Facebook executed its highly anticipated IPO Thursday evening, pricing shares at $38 for total proceeds of $16 billion at a record valuation of $104 billion. Predictions of a big first-day increase in the stock price were rampant, but they fizzled Friday, as shares opened at $42 and almost immediately fell, staying below that mark for the rest of the session.
Shares finished Friday at $38.23, 0.6 percent higher than the price investors paid for IPO stock. Friday reports said the banks that underwrote Facebook's IPO stepped in to buy stock when shares dipped near $38 on the first day of trading in order to ensure the stock closed above that level.
Without the help of the IPO underwriters, Facebook shares opened Monday at $36.53, but that price immediately dropped to below $36; in the first 30 minutes of trading, shares sold for as low as $33, a decrease of 13.7 percent from Friday's closing price. Facebook stock closed at $34.03, 11 percent off Friday's closing price and more than 10 percent lower than the price investors paid for IPO shares.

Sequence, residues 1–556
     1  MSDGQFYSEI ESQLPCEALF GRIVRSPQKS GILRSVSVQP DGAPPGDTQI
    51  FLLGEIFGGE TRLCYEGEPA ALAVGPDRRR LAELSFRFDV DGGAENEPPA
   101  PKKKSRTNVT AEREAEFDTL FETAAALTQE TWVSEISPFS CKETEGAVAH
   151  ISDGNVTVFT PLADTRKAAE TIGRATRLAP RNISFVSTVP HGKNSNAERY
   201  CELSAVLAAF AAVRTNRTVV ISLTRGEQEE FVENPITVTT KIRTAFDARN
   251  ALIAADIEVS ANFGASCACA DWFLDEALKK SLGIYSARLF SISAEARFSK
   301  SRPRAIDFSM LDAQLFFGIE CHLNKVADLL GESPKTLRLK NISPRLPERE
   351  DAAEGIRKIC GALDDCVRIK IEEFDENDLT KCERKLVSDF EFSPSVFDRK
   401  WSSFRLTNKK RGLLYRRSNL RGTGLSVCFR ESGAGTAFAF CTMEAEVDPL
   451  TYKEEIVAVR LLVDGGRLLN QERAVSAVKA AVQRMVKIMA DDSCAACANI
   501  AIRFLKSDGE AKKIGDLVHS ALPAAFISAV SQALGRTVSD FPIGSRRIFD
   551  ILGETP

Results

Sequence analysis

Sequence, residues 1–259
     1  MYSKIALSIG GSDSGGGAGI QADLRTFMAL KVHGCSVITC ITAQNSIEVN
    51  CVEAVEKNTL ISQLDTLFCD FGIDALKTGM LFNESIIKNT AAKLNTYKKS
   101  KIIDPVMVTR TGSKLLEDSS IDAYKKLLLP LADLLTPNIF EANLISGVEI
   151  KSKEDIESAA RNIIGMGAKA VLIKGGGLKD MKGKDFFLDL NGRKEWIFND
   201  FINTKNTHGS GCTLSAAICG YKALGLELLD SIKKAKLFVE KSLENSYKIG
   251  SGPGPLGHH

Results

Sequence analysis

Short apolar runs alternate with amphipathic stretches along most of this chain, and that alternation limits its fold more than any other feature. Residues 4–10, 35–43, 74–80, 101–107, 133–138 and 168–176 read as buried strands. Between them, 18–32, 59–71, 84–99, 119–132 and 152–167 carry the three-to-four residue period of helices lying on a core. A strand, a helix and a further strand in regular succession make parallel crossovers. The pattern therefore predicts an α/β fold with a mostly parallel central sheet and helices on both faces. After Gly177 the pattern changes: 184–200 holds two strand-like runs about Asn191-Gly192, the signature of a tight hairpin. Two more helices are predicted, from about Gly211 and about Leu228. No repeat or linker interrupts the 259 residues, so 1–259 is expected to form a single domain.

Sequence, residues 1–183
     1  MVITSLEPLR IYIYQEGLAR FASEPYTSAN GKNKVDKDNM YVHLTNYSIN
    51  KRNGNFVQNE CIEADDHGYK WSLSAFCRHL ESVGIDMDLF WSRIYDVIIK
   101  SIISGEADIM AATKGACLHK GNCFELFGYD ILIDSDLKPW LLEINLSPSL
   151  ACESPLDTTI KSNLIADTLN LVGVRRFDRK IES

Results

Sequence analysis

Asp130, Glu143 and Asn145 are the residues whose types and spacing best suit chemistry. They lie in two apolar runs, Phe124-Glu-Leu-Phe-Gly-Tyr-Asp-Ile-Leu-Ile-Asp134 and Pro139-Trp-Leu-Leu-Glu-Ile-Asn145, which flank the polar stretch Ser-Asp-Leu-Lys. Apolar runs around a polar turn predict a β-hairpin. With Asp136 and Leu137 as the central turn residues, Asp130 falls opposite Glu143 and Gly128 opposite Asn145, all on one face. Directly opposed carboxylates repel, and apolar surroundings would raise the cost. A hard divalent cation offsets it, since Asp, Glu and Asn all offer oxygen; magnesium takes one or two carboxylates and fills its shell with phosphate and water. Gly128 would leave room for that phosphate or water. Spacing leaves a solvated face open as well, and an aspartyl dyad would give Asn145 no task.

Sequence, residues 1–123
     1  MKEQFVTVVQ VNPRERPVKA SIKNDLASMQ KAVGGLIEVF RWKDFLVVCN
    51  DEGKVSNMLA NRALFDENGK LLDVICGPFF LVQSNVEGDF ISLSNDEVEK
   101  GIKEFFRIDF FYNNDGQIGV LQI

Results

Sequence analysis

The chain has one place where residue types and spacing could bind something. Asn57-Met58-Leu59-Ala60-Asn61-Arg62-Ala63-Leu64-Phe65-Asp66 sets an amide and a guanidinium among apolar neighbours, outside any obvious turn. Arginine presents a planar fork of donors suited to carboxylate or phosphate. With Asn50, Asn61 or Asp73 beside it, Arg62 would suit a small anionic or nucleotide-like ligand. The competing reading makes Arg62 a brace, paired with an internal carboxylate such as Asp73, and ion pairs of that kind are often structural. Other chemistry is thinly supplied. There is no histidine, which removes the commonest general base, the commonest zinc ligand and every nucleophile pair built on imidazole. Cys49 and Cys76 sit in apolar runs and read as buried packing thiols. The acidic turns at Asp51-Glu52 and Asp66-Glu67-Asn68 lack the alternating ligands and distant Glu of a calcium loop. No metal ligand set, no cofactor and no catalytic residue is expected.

At that price, CEO Mark Zuckerberg's Facebook holdings are worth about $17.14 billion, or about $2.11 billion less than Friday.
Confounding those bullish on Facebook stock even more was Wall Street's overall strength Monday: All three major U.S. stock indexes rose at least 1.1 percent, led by the tech-heavy Nasdaq composite index at 2.5 percent.
Other social media stocks were mixed Monday after steep falls at the end of last week. LinkedIn, Yelp and Zynga all plunged for the third consecutive day early in Monday's session, but Yelp bounced back from its lowest closing price ever with a solid gain of 3.5 percent. Mountain View professional-networking site LinkedIn experienced an up-and-down trading day, falling by as much as 6.8 percent and rising by as much as 1.4 percent; at the close, it had declined 2.2 percent.
Facebook was founded in a Harvard dorm room by Zuckerberg and college classmates in 2004, and has grown to 900 million users in just nine years. However, analysts and investors are concerned that its popularity may not lead to strong revenues, as the company had only $3.7 billion in sales last year and has struggled to determine how to monetize its popularity on mobile devices.
"Investors are increasingly aware of the risk embedded in the stock price. There are real concerns about growth and advertisers' frequent lack of certainty how best to use Facebook, along with rising costs and ongoing acquisition risk," Pivotal Research Group Brian Wieser told Reuters.
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